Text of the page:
Everything you need to know about Sprints in project management
Let’s start with the basics. Scrum is an agile framework designed to help the teamwork together. It fosters team self-organizations, encourages teams to learn from experience, and reflect on what works and what doesn’t to continuously improve their process.
While Scrum is mostly used by software development teams, its principles can be applied to all kinds of teamwork. That’s why Scrum is so popular today. As a useful project management framework, Scrum describes a system of roles, events, artifacts, and rules that work together to help teams organize and manage their work. A critical part of Scrum are Sprints. Read on to find out everything you need to know about sprints.
The role of the Sprints in project management
What are Sprints?
Teams that follow the Scrum framework build products in a series of iterations that break down large and complicated projects into more manageable, bite-sized pieces. These iterations are Sprints.
A Sprint is a short, time-boxed period during which a Scrum Team works to complete the set amount of work. Sprints are at the core of Scrum, and by getting them right, companies can help agile teams ship high-quality software, faster and more frequently. Most importantly, working in Sprints gives teams more flexibility and allows easier (and less costly) adaptation to change.
The idea of Sprints is closely aligned to the principles that make up the agile methodology, laid out in the Agile Manifesto. Sprints help teams apply agile principles such as “delivering working software frequently” and “responding to change over following a plan.” Moreover, values such as transparency and adaptation that are central to the idea of Sprints are complementary to the agile methodology.
What happens during a Sprint?
Now that you know what a Sprint is let’s have a closer look at what happens within each Sprint carried out by the Scrum Team. Here’s the typical process of a Sprints in project management:
At the start of the Sprint
Every Sprint starts with a special meeting called the Sprint Planning. During this meeting, the software development team and the Product Owner plan the next sprint in detail. They decide which Product Backlog Items from the Product Backlog will be processed during the Sprint. These Backlog Items are moved to the actual Sprint Backlog. It’s the Product Owner’s responsibility to choose the Backlog Items for each Sprint. The Development Team is free to decide how it’s going to meet these requirements.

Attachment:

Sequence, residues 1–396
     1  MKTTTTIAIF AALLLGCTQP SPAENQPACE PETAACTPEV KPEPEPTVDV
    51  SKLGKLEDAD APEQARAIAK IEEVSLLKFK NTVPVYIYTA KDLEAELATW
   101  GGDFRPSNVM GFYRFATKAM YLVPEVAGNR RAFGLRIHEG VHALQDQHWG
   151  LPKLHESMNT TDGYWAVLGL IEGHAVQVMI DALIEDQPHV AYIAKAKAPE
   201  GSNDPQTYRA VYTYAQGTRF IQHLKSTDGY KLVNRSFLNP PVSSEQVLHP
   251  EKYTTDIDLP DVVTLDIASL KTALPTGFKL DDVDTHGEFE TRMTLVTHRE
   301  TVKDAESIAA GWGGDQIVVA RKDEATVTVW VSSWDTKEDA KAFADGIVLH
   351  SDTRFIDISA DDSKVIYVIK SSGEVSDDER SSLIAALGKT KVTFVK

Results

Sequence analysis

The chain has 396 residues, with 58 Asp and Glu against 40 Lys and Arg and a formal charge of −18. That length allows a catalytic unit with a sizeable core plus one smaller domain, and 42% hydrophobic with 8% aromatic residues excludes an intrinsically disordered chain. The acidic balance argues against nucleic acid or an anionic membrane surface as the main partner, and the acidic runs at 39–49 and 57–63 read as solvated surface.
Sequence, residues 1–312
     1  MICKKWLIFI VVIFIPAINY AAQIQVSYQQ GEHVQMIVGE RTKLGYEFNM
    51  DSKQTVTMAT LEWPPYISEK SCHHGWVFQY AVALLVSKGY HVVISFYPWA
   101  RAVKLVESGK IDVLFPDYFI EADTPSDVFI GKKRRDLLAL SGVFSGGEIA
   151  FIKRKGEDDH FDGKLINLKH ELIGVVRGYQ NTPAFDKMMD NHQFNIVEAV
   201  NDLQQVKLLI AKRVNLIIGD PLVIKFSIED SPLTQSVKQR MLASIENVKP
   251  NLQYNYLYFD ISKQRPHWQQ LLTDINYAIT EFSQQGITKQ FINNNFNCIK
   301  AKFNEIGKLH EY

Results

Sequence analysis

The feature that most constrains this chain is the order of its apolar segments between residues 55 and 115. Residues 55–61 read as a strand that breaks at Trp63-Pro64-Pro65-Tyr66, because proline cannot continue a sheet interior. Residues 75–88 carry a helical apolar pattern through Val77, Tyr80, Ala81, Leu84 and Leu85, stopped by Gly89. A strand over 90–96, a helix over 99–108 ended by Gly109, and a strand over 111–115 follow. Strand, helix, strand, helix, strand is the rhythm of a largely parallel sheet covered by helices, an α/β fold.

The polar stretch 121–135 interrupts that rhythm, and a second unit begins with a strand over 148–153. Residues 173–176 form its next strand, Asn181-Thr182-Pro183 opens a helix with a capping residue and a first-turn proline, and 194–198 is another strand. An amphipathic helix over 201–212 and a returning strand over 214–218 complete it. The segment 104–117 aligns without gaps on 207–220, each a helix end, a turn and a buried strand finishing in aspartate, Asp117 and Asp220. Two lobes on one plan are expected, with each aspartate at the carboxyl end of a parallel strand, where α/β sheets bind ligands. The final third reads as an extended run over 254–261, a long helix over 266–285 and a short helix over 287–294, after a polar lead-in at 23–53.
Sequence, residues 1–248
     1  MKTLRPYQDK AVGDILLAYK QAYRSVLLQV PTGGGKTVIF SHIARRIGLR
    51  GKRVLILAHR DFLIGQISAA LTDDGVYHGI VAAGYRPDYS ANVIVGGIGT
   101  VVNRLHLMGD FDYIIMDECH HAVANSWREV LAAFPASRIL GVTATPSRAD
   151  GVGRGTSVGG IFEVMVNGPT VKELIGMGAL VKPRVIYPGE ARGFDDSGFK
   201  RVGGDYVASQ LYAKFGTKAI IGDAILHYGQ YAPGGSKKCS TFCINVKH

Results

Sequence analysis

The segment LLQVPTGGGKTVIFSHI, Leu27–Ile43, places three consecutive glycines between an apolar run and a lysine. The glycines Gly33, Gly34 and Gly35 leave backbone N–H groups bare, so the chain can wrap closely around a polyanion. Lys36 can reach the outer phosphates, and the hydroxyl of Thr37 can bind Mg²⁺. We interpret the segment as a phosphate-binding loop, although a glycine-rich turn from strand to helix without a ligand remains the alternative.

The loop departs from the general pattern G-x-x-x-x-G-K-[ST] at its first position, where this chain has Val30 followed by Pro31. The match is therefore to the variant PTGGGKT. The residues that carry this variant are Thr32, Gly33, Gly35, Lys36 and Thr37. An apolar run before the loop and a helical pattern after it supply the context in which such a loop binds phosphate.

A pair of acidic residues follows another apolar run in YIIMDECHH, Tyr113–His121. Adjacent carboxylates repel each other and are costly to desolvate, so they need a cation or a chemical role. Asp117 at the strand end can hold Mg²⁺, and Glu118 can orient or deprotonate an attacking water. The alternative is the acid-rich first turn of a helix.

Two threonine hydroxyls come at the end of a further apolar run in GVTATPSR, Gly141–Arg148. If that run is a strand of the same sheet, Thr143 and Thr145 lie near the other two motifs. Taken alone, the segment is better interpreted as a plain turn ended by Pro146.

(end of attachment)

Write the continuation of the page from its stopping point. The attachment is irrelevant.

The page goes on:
During the sprint
Daily Scrum is the most important activity during a Sprint. The Daily Scrum meeting usually lasts no longer than 15 minutes. It always takes place in the same location and at the same time, to avoid confusion. Who’s in charge of the Daily Scrum? This time, it’s not the Product Owner, but the Scrum Master. The Product Owner plays an important role in all other activities, but the Daily Scrum is about something else than developing the product. It’s about how the development team works together. That’s why the daily meeting focuses on discussing what has been done so far and will be done next. The idea is that the team members share any potential roadblocks or problems with each other to streamline the working progress.
At the end of the Sprint
During a Sprint, the team works on all the tasks that have been added to the Sprint Backlog. When the Sprint is at the endline the team comes together for the Sprint Review meeting. At this meeting, the team demonstrates the product increment to the Product Owner, as well as other relevant stakeholders (for example, the client). The Product Owner’s job at this point is making sure that all the requirements from the Sprint Backlog have been fulfilled. Those who aren’t will land in the Product Backlog again and wait to be picked up by the team during one of the following sprints.